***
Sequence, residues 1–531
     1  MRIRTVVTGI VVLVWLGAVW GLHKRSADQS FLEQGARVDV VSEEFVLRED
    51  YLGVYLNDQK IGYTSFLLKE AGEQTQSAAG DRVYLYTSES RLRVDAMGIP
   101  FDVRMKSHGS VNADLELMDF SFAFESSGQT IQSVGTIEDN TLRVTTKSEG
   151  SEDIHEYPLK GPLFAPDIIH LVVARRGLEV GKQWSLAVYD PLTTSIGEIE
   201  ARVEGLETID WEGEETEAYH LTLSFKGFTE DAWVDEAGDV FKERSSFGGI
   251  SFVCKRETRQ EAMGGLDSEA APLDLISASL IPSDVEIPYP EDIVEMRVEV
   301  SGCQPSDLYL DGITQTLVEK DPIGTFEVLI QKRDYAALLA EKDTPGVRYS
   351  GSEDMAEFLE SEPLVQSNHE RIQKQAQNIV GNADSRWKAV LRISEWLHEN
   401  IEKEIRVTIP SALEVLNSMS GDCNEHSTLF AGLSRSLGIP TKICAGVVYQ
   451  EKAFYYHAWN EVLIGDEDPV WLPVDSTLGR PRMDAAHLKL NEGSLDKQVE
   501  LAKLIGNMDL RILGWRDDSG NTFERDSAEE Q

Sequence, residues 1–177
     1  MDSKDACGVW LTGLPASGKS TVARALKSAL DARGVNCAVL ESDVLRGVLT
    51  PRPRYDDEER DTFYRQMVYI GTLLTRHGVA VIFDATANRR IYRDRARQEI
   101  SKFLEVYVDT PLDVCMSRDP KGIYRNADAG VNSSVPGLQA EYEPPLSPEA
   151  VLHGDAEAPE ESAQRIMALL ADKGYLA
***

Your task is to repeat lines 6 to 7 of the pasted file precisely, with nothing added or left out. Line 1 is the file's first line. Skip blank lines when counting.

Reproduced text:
   201  ARVEGLETID WEGEETEAYH LTLSFKGFTE DAWVDEAGDV FKERSSFGGI
   251  SFVCKRETRQ EAMGGLDSEA APLDLISASL IPSDVEIPYP EDIVEMRVEV